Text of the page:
Coughing is a natural reaction to getting something stuck in your throat, nasal passages, or elsewhere. It helps to clear out whatever is bothering you. However, it can also be painful. There are different reasons why your head hurts when you cough and measures that help deal with the pain while you recover. Thankfully, most of them are temporary and will disappear within a few days. Coughing is an involuntary reaction to expel something in your body through your respiratory tract as it causes discomfort or pain. When you cough, several things happen: air pressure builds up in your lungs; muscles in the back of your throat contract and lift the uvula (the grape-shaped appendage is hanging from the back of your throat); and mucus membranes contract to expel mucus from your lungs so that air can pass easily through them. Furthermore this blog will guide you through the question “Why Does My Head Hurt When I Cough”? And when to visit the doctor?

Types of cough headache – 

A cough headache can be caused by a migraine, sinus headache, or an allergic reaction. Migraine is the main reason “why your head hurts when you cough” and is often accompanied by vomiting, and sensitivity to lights and sound.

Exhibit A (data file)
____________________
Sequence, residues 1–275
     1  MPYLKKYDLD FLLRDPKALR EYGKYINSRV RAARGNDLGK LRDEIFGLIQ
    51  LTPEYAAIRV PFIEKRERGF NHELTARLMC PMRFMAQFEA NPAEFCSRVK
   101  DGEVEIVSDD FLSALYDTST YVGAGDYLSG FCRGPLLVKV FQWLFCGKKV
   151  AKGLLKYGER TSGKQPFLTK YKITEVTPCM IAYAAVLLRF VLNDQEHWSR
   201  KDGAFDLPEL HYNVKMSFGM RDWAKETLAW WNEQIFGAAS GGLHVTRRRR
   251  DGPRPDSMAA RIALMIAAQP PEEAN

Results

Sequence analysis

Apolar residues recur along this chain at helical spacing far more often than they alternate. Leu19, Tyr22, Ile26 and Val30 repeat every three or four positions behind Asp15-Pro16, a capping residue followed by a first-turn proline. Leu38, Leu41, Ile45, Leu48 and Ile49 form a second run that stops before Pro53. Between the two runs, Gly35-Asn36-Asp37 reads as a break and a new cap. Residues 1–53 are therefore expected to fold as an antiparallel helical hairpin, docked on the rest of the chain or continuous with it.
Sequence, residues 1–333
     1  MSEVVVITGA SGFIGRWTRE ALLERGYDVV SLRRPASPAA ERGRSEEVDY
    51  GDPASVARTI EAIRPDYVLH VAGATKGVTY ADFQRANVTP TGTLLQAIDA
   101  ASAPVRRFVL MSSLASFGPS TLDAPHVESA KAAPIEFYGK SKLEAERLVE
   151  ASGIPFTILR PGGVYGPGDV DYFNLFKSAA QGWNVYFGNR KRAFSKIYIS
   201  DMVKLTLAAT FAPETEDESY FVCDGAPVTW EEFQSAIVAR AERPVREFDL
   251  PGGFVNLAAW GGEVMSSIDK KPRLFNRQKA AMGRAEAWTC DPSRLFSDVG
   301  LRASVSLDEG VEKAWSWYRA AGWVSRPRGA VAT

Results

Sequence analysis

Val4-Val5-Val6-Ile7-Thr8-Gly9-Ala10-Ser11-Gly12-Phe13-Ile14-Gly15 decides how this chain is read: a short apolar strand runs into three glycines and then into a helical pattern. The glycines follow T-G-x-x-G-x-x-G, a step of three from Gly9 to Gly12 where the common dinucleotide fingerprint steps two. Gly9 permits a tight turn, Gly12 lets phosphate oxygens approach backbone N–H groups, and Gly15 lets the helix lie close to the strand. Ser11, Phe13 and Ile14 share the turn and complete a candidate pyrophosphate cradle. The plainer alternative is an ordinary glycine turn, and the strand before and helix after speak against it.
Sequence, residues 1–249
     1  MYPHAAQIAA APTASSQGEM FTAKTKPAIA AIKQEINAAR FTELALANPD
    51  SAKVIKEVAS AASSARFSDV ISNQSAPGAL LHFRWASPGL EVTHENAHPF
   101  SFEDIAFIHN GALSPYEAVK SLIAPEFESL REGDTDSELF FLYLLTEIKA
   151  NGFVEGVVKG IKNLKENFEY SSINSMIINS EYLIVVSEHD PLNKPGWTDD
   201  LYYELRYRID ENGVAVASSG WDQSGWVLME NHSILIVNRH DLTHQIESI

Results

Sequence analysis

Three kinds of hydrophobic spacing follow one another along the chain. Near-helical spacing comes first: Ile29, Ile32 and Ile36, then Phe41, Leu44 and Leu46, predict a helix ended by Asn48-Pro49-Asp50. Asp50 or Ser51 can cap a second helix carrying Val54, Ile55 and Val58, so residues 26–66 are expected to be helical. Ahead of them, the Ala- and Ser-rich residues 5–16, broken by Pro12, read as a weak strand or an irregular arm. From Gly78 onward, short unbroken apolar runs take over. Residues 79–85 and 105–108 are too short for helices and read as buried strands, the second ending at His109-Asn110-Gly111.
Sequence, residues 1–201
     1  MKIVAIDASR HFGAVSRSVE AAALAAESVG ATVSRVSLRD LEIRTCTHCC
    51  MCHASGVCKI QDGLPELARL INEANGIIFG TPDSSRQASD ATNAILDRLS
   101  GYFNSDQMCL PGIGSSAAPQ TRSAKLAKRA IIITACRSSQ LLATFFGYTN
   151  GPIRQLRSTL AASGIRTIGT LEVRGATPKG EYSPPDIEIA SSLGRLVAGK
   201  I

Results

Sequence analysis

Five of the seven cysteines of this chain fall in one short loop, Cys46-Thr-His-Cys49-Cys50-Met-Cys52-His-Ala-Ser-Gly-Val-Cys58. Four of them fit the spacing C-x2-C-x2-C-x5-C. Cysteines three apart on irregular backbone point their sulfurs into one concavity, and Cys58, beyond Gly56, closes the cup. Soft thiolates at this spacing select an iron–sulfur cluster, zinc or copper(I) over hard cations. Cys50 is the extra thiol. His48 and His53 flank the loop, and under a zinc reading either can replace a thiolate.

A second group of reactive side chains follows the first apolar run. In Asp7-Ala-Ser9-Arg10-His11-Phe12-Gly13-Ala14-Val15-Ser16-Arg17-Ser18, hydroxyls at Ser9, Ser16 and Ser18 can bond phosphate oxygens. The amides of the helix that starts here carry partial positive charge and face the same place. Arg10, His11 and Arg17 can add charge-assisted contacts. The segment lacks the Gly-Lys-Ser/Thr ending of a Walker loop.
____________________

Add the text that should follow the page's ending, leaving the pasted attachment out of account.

Cough headache is of two types, including —

Primary cough headache is a normal condition in the cold. It is caused by cutting a lot which loses the muscles and causes headaches. It can be treated without any medications on its own.

Secondary cough headache Ranges from harmless to life fatal. It triggers by coughing in the body. 

Why Does My Head Hurt When I Cough?

Why does my head hurt When I Cough
Why does my head hurt When I Cough

When you cough, your diaphragm and abdominal muscles contract and squeeze blood out of your brain. When there isn’t enough blood in your brain, you experience a headache.

As coughing is a common symptom that people experience when they have a cold, it can also cause headaches.

 Coughing can also cause headaches, leading to muscle soreness in the back of the throat. Your back or throat muscles can become very sore when you cough for long periods.

  • Tenderness and Pain in the Back of Your Throat

You may feel discomfort & pain in the back of your throat when you cough.

It may start as tenderness and turn into pain when you cough. This happens when you cough too much or while your throat is dry. When your throat is dry, it results in excessive contraction of the muscles in the back of your throat.

It can also cause a lot of mucus build-up in your throat.

Coughing with a dry throat can lead to a lot of pain because of the excess movement of your muscles. 

Making sure to cough with a moist throat can help alleviate your throat’s pain from coughing. To create a moist environment in your throat, you can drink plenty of water or herbal teas to keep your throat hydrated. You can also use tablets to make your throat more moisturized.

  • Uneven Lung Expansion When You Cough

When you cough, your lungs may expand unevenly, resulting in a headache.